He appeared out of nowhere with some bread, wine, and a blessing - the gifts of a priest. In return, Abraham gave him a 10th of the spoils from his battle, leaving the rest for his military allis. It’s important to appreciate that this is the first biblical mention of any priest in the Scriptures. It would not be for many generations after Abraham that Aaron, Moses’ brother, would become the first priest in Israel, and the priestly tribe of the Levites would henceforth be supported by the 10th of the income of all other tribes.
In comparing Jesus to Melchizedek, the author of Hebrews asserted that Jesus’ priestly role both predated and outlived that of the Jewish ancestors. And now we, from the vantage point of a couple of millennia of the Chrsitian doctrine, may also observe that Melchizedek’s gifts of bread, wine, and blessing point to Jesus' Last Supper and our Eucharistic practice (something that the author of Hebrews might not yet had the chance to understand as well as we do!).
A small Jewish church in Rome, living in dangerous times and ready to return to the relative safety of Judaism, sorely needed to hear that their newfound faith in Christ was, in fact, the fulfilment of all the promises God made to their people beginning with their forefather Abraham. We all need a periodic reminder of the origins of our own faith, don’t we? And it is in fact, the Eucharist that refreshes and revitalizes our faith.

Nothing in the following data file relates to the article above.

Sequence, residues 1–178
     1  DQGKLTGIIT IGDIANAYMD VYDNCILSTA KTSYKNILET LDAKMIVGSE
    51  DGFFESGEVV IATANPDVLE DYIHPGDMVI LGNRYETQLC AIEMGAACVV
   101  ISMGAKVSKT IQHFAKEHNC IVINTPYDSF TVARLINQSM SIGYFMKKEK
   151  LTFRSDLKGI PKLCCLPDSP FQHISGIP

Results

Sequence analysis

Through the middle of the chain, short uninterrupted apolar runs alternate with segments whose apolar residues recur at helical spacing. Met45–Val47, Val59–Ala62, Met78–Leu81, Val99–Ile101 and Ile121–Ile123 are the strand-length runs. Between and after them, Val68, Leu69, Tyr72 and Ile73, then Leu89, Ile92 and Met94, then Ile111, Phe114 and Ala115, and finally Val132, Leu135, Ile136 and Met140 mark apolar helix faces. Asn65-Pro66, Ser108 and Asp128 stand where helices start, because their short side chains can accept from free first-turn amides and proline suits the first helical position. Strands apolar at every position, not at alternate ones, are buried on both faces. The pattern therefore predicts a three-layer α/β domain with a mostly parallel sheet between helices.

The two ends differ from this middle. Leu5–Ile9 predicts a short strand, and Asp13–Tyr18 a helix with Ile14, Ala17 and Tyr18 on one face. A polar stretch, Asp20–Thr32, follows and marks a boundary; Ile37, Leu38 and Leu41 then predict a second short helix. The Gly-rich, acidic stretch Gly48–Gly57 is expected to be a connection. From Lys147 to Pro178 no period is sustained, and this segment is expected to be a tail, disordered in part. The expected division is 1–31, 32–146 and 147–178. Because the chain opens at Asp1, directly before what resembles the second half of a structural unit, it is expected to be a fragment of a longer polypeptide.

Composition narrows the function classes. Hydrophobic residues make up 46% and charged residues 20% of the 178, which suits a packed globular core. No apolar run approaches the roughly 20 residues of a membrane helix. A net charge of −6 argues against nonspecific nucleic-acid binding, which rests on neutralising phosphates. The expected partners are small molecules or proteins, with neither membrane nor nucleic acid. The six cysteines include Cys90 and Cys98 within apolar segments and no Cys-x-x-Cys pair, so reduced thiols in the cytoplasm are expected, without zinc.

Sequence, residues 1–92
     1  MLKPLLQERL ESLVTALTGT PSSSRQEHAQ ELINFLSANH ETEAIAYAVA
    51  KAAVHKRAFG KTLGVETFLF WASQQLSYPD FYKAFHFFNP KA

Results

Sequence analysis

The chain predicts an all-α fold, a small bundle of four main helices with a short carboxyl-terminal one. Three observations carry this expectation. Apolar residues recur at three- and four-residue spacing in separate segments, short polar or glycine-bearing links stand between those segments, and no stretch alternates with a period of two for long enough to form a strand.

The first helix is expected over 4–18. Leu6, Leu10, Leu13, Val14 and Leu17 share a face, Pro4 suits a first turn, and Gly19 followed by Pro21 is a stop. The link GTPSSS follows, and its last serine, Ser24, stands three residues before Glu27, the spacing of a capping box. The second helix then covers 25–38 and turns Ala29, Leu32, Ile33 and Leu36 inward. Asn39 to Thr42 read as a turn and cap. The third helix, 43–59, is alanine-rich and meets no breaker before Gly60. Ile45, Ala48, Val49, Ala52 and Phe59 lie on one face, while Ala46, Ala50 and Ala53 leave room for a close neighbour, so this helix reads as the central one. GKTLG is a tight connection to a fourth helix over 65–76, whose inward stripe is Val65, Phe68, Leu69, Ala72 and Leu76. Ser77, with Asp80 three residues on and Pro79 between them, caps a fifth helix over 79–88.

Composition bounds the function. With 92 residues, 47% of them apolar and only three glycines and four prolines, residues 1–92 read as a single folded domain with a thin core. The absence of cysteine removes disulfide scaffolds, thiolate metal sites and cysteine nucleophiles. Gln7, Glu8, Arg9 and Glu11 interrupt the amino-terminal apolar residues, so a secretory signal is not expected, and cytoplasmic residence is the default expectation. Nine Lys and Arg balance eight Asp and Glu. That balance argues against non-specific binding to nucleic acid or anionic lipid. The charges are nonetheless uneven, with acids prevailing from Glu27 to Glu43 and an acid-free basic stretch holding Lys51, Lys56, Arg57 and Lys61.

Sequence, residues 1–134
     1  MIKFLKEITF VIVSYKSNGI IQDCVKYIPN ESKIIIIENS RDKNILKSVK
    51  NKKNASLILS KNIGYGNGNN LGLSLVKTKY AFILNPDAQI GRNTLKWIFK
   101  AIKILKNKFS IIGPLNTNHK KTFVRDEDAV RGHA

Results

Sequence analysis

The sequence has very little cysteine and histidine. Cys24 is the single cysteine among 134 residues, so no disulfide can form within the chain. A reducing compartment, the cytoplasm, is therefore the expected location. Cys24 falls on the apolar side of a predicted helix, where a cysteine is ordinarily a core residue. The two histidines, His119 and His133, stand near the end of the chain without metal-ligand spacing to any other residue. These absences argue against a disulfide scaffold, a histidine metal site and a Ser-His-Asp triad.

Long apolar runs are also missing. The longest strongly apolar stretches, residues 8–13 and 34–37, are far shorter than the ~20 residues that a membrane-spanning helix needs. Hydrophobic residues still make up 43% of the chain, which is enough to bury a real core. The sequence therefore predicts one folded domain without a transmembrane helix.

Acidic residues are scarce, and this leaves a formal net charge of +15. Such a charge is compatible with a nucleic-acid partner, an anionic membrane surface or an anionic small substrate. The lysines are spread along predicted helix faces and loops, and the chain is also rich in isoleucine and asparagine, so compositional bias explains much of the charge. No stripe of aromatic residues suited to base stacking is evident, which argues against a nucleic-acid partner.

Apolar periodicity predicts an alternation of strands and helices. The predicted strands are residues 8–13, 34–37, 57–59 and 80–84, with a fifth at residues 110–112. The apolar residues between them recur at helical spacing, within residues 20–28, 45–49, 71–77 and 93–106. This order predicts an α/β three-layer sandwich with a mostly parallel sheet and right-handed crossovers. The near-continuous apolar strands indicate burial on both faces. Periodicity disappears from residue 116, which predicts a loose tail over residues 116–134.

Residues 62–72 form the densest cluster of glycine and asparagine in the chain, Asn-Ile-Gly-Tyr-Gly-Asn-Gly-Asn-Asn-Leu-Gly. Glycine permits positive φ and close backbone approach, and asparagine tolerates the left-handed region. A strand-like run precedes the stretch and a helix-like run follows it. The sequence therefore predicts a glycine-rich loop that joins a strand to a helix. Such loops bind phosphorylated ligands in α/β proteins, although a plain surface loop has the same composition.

At the time of meeting Melchizedek, Abraham must have been physically famished after the battle, yet elated about his victory. Melchizedek brought both food/drink and the word of a blessing: "Blessed be God, the Possessor of heaven and earth Who gave you the victory over your enemies." Not a huge feast or a long sermon; just a simple meal and one sentence that sustained Abraham and saved him from pride and covetousness. So does the Eucharist, in a seemingly simple rite, meet our own spiritual needs, dispelling our illusion of independence from God in the moments of both weakness and success.
Who is blessing you today? Whom might you bless? How might we keep each other steady in remembrance of God’s promises? Melchizedek served an important scriptural role, yet we barely remember from the few references to him. Similarly, Christ miraculously met people’s most essential needs, yet often asked them to keep it a secret. Such is our own ministry: to bless those in need, quietly, and disappear without seeking any honor. We, too, come to church, tired and exhausted from our battles of life and work. How wonderful it is for us to share the gift of bread and wine and learn to sustain each other in imitation of what Christ has done for us. We don’t all have to be formally ordained as priests in order to bless each other in practical ways, and encourage each other in faith. In this sense, we are all priests “after the order of” our Prince of Peace.